With so much going on in the video department, it is almost too easy to overlook audio performance which also impressed. Where a growing number of manufacturers seem to be skimping on audio to focus on video, Sony have counter-intuitively bolted some speakers to both sides of the screen and included some gutsy amplification for good measure. In a fit of overkill, each speaker cabinet packs 10 drivers, and each is rated to handle a meaty 50w of amplification. While you could argue that almost anyone who can afford this TV is likely to have a killer home theatre set up, it is still nice to see a TV that is able to deliver decent audio out of the box.
While there's acres of bells and whistles to explore, the killer feature of the new Bravia (aside from its stupendous size) is the fact that it is capable of displaying 4k resolution video. In a nutshell, 4K translates into a native screen resolution that is approximately 4x 1080p HD, and the results are sufficiently eye-popping to make divorce from ones significant other an acceptable option when buying this TV.
Describing HD in mere words is always a tricky task, but I was blown away by the sheer amount of fine detail that was viewable with native 4K ultra-HD video. watching 4k (so called because the resolution of a 4k screen is approximately 4x that of 1080p) felt more like looking out of an especially large (and clean) window. This is no mean feat either given that 84" of screen real-estate tends to throw any video defects into sharp and hyper obvious relief. No video problems were present. Even standing just under 2 metres from the screen I struggled to make out any pixel structure or noise with 4k video remaining almost film-like. This is a pretty potent testament not only to Sony's engineering chops but also to just how far things have progressed with LCD display technology.
Unfortunately no 4K Ultra-HD conversation is complete without mention of the fact that there is no 4K video available, be it via broadcast or via shiny round disks. Thankfully the boffins at Sony's HQ anticipated this and engineered some pretty high end video up-conversion technology in the form of what the Sony marketing blub calls 4K X-Reality PRO chipset. 1080p content such as Blu-ray movies looked almost as good as 4k content. Whilst watchable, standard HD broadcast content however looked like regular Full HD re-scaled. Sony had supplied a dedicated server to dish out native 4K content.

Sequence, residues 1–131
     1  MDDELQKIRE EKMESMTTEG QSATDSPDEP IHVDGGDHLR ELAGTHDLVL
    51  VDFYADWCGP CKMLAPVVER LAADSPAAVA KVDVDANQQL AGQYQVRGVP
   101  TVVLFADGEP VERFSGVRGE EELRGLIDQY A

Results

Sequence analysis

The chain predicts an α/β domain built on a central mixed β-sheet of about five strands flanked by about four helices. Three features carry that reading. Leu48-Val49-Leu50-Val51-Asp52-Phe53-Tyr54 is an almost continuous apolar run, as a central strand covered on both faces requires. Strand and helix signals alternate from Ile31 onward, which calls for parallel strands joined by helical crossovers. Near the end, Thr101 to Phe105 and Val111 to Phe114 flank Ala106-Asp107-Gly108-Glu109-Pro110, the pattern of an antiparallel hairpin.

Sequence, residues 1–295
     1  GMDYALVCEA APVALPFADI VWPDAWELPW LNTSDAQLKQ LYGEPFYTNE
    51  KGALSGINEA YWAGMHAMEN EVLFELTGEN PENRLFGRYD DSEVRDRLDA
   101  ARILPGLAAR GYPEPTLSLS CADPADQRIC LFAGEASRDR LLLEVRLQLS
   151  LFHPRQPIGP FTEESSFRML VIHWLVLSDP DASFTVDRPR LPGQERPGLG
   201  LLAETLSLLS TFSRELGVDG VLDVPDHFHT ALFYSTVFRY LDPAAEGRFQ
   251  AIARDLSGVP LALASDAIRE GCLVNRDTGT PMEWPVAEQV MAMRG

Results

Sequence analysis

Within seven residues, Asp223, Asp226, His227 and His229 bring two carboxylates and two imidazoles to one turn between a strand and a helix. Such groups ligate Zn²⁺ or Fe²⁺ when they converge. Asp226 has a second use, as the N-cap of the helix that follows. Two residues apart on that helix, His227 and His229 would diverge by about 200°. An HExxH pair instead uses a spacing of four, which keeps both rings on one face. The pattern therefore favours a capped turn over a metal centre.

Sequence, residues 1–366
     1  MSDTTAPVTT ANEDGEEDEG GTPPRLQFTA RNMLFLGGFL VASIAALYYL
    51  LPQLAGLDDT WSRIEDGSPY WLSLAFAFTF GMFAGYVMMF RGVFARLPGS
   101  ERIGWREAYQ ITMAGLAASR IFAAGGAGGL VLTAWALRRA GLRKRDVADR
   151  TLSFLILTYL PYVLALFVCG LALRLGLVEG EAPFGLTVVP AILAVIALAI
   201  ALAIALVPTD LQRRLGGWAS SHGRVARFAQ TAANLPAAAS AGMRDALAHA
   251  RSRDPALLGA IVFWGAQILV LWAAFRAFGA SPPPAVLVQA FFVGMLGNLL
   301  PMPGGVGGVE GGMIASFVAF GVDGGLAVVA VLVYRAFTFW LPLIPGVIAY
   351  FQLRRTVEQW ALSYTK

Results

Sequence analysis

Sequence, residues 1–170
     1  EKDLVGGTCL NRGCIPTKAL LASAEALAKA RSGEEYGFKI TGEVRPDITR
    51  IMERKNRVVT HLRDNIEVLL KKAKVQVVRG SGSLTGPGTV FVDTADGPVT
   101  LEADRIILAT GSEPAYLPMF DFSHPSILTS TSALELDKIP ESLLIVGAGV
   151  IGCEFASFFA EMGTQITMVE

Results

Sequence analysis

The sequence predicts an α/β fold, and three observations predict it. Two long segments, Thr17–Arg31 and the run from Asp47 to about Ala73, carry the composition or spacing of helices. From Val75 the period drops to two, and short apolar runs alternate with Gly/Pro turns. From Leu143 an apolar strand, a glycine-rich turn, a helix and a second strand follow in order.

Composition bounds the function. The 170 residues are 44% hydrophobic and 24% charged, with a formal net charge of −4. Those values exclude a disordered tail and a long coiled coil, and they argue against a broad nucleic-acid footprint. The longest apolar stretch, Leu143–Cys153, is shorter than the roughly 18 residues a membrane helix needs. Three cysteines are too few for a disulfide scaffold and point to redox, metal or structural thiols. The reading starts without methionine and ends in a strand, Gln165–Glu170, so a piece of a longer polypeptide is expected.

Regardless of content, the one thing that consistently shone was contrast levels and colour. Black levels were deep and inky dark whilst whites were straight out of a Persil advert. This is a pretty impressive feat given use of edge-back lighting and its tendency to deliver uneven contrast. Likewise colours seemed pretty natural which added to the "view out a window" effect when viewing 4k footage.
This 84" beast is nothing short of stunning. Being projection screen sized (but with none of the drawbacks of using a projector such as daytime viewing, costly projector bulbs etc.) makes Sony's newest (and largest) Bravia a great choice for any AV or movie buff with a spare $24,000 burning a hole in their pocket. Whilst there isn't a lot of content around to take full advantage of this TVs video capabilities, I was moderately impressed with Blu-ray playback, additionally full screen multi-player PS3 gaming was also stunning. Sony appear to be in the throes of rolling out a series of 4K resolution upgrades that will also see the PS3 console shine when paired with this TV.
I'll be dreaming of owning a set like this for some time, but if the TV market has shown us one thing, it's this: prices and technologies do come to those who wait.